Story challenge 8

Miriam Halahmy

t was a cold January day, the beginning of the Spring Term and the wind was blowing take-away cartons and free newspapers around Ashley’s feet. She was wearing the new shiny jacket Gran had given her for Christmas, her school jogging bottoms and sweatshirt. But she still felt cold. Her long brown hair was tied back and tucked into her collar to keep her neck warm.
An old car spewed out exhaust fumes like a dust cloud in front of her and she could almost see it settle on the shiny fruit piled up outside Harry’s Food and Wine shop. At least I walk to school, thought Ashley, but then Mum is an Eco-Warrior. She had promised to take Ashley to a city farm if she worked hard this term. 
“I always work hard,” Ashley had said.
“Extra hard,” muttered her mother who wanted Ashley to become England’s first Green Party MP. 

As Ashley walked through the school gates she stared angrily at the people around her; everyone but her had arrived in a vehicle of some kind whether it was a sports car, a van, a delivery truck or a motorbike. “The amount of fumes that would be entering the atmosphere would surely be enough to kill the entire planet” she thought to herself, and just by looking at her mum’s face Ashley knew that she was thinking the same.

“I hope” spluttered her mum through gritted teeth “that when you become the first Green Party MP you put a stop to this…this vulgarity” and with that she stormed off leaving Ashley at school to face another day.

Sitting in English Ashley zoned out of the class conversation and started to daydream about what she would do as an MP. Then something the teacher said caught her attention and she snapped out of her haze. The school was organising a competition, for Ashley’s year group. The aim of the competition was to create a project that the students would be able to maintain easily and which should help to make the environment, in the area they live, a better place to be.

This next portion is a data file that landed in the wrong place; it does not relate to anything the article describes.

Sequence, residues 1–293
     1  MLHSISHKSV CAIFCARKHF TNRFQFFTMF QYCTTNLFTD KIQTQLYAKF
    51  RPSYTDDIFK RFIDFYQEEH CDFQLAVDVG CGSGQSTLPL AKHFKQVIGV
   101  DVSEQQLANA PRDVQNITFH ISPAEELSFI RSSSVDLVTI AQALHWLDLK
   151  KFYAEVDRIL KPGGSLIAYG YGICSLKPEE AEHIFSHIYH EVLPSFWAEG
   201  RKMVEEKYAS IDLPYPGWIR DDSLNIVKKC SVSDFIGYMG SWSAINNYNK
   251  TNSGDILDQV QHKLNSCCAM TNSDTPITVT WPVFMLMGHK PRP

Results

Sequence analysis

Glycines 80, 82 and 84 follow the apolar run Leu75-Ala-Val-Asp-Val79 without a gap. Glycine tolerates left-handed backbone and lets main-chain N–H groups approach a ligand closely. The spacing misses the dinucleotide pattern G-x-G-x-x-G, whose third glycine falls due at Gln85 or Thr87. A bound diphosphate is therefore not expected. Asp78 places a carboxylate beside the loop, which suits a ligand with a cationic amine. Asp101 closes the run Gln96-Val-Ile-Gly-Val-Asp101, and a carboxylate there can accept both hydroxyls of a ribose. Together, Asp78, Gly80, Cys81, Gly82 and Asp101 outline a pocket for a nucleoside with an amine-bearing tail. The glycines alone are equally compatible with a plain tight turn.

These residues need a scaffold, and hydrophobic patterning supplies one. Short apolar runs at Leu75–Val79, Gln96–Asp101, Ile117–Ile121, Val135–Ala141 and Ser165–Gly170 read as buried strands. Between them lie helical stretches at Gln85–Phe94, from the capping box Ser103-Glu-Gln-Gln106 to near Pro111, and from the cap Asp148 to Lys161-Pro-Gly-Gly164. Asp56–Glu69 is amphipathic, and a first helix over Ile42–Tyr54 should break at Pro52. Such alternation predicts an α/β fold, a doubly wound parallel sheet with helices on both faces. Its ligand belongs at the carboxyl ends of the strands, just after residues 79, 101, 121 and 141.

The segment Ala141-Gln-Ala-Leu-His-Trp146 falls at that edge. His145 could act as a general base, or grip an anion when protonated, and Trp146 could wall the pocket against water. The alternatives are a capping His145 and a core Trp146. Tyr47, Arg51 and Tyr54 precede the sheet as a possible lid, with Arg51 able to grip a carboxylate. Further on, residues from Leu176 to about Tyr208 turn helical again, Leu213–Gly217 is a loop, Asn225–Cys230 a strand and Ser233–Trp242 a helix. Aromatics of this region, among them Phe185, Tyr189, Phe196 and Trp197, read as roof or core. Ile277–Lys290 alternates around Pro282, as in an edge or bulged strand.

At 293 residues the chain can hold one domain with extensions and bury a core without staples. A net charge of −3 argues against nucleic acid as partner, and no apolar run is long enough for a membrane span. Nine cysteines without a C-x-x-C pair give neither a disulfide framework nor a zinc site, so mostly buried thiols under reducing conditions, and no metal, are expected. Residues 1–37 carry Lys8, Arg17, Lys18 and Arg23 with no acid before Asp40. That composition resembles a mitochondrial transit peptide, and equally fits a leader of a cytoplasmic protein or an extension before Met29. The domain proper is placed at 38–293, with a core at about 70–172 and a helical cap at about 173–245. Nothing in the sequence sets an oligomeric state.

“All the students taking part must present their idea as a presentation to the class and myself in eight weeks” exclaimed the teacher. “The prize will be a sum of money that will start your project off so make it good.” Then we were dismissed.

“This is right up my street” thought Ashley as she packed up her things “it’ll be a piece of cake!”

Unfortunately there was one flaw to this great opportunity; and that was the fact that Ashley would be up against one person in particular who already made her life a misery. That one person was tall, skinny, had beautiful long, flowing, golden hair and answered to the name Vanessa. She was the queen of the school, everyone bowed down to her and all the boys drooled over her – it was disgusting. Vanessa was the only person who would be competition to her and that really got Ashley’s blood boiling. So as soon as the bell rang for the end of school Ashley sprinted out of school, through the gates, past Harry’s Food and Wine store (which had previously been covered in exhaust fumes) and burst through the front door. Without acknowledging her mother she scrambled up the stairs and into her room shutting the door behind her. She was ready to plan.

Eight weeks later to the day Ashley was stood up in front of the class presenting her idea. She had made charts, slides, graphs and posters to express how she thought her project would make a difference to the environment and explained why she thought she deserved to win – especially because it had taken her ages to put all the data together. Once Ashley had finished her presentation she sat down and waited for everyone else to give theirs, even Vanessa whose presentation was not a particularly good one. At the end of all the presentations the teacher stood up and gave feedback to each person individually and announced that the results would be given out in assembly the following morning.

With her hands shaking Ashley sat in assembly the next day waiting for the results. When her teacher stood up she could feel her heart pumping harder than ever. Then the teacher stopped speaking and two minutes later read Ashley’s name out. The room burst into applause and as she walked up to collect her certificate all she could hear were her mum’s words:

“Congratulations Ashley!”

Lottie Cox, Queen Anne's School

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